Don't know about exploding grinding wheels--but using them on aluminum
ruins them. Fills up the pores with aluminum and they won't work on anything
after that. You can use a diamond dressing tool to clean them up--with a
corresponding reduction in diameter.
There are cutoff saws that are similar to miter saws--but usually the cutoff
saw only has one degree of "freedom" and is usually used with a "grinding"
type blade for cutting steel. The miter saws can have have up to four degrees
of freedom (if you include the newer saws with travel slides). These usually
have regular toothed blades and carbide tipped blades can be used on
aluminum. Both types of saws have clamps for holding the work piece.
I have both types and often use the miter saw for aluminum when using the
proper blade. The key with any carbide-tipped tooth blade on aluminum is to
use a lubricant to keep the aluminum from building up on the teeth. There are
special cutting fluids/sticks for aluminum but almost anything is better than
nothing (except for things like Tri-chloro-ethane). A wax candle or a bar
should be used at a minimum. Otherwise you will get a buildup of aluminum
on the blade and it will be deposited on the work piece making a less than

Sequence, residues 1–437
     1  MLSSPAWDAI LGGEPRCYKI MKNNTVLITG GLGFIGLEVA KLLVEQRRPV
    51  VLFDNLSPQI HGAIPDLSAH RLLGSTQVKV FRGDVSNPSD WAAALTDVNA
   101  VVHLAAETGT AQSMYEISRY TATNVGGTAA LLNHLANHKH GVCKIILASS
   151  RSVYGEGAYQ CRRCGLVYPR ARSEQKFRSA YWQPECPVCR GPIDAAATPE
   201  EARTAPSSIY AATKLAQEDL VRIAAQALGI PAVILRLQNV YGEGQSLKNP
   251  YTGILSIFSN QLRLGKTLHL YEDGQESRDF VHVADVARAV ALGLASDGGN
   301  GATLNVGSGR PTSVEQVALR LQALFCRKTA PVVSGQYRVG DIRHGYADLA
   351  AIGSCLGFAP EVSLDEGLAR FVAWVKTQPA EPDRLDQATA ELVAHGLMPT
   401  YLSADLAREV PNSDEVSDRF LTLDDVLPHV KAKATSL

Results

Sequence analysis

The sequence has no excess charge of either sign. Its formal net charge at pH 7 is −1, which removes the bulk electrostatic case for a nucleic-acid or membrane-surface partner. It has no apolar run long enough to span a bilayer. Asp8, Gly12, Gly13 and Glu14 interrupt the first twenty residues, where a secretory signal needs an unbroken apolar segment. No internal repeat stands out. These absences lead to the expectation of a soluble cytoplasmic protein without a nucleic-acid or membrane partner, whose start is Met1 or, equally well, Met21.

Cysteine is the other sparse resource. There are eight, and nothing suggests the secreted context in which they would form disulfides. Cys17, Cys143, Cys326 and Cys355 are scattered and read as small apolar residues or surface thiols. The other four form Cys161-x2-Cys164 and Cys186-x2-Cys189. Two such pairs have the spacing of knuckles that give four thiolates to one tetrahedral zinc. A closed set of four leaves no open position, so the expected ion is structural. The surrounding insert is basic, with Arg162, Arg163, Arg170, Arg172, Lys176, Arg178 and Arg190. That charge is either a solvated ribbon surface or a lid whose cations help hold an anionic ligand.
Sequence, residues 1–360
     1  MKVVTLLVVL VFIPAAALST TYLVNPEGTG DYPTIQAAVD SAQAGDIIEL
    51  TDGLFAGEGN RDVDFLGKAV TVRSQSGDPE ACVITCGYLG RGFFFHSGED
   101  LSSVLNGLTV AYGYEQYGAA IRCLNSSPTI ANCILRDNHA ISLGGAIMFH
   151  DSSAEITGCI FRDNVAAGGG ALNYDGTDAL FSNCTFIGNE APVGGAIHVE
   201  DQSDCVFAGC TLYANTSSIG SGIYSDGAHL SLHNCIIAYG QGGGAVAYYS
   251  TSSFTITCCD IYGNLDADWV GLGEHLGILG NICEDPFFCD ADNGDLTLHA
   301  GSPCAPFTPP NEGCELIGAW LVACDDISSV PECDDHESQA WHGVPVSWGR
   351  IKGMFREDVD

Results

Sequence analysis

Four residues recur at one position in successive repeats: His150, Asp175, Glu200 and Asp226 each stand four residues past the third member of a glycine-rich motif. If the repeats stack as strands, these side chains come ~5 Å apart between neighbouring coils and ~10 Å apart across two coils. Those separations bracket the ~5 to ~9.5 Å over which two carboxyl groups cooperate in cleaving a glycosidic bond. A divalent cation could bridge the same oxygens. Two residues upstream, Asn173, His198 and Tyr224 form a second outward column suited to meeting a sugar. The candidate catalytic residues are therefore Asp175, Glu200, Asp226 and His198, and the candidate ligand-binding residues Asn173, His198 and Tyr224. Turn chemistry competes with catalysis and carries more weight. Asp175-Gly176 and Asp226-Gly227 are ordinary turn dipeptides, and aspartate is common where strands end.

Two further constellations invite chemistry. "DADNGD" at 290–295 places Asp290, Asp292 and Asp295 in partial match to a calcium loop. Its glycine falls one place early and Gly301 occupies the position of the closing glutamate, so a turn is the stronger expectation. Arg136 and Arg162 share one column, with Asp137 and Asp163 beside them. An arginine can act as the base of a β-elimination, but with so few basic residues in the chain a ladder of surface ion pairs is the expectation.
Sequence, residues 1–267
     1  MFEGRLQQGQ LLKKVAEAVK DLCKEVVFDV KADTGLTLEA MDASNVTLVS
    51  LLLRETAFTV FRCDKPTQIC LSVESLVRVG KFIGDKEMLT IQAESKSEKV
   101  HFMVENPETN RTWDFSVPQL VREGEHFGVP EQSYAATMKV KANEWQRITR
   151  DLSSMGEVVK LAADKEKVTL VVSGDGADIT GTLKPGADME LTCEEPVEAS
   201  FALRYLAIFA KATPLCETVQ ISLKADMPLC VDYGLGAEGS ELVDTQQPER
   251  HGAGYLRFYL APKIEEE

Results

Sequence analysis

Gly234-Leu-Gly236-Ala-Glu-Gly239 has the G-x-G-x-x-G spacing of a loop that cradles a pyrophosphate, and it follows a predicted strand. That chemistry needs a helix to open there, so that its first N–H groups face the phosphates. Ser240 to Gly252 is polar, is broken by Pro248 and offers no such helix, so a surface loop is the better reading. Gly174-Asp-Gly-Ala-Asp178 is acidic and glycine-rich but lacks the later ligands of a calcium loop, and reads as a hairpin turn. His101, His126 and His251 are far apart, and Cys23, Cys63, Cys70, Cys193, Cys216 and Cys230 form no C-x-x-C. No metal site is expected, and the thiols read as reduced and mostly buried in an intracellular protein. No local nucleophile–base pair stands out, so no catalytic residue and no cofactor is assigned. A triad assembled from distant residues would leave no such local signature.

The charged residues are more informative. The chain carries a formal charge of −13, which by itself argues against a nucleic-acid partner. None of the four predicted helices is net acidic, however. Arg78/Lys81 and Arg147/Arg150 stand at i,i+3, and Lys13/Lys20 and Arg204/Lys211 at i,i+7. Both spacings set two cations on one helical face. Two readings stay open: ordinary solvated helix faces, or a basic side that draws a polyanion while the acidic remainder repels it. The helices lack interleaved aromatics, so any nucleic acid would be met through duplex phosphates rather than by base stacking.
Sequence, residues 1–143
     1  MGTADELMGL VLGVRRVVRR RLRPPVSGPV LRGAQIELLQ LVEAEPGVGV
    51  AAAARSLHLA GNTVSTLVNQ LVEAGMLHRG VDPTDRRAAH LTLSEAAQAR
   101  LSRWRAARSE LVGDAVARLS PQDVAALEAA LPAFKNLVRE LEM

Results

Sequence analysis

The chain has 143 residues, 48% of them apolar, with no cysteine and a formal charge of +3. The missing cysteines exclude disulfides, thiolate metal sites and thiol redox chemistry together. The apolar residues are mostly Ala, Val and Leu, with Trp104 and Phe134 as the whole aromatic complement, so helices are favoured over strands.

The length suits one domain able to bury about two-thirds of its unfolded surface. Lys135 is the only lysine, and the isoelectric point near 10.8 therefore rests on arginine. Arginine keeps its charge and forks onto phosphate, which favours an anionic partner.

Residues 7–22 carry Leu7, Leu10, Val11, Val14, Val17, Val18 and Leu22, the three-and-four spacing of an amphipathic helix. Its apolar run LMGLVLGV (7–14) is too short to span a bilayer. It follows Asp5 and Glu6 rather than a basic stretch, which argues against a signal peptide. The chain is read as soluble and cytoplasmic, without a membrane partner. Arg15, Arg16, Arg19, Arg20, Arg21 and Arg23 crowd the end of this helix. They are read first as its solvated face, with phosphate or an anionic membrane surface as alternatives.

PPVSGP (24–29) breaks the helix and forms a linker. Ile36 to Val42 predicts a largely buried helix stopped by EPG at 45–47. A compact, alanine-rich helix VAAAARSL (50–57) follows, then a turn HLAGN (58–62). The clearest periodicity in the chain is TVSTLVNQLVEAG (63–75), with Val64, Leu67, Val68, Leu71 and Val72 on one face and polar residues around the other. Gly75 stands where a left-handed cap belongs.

cut and it will also need to be cleaned from the blade--not an easy task.
Best bet is to use the proper cutting fluid on the work or apply a stick type
lube to the blade.
I usually use the cut-off/miter type saws for tubing and angle or channel
aluminum. For larger plates I use my 12 inch table saw or my 12 inch
radial arm saw. Go very slowly, use the proper cutting fluid, and wear ear
and eye protection. Aluminum sawing gets LOUD. If using a fine-toothed
carbide-tipped blade, expect to pay $100-$150 for the blade for a larger
(12 inch plus) diameter. An investment worth protecting by using the
proper cutting fluids.
Besides eye protection it is considered good form not to stand in line with
the blade when cutting in case any carbide teeth should break loose.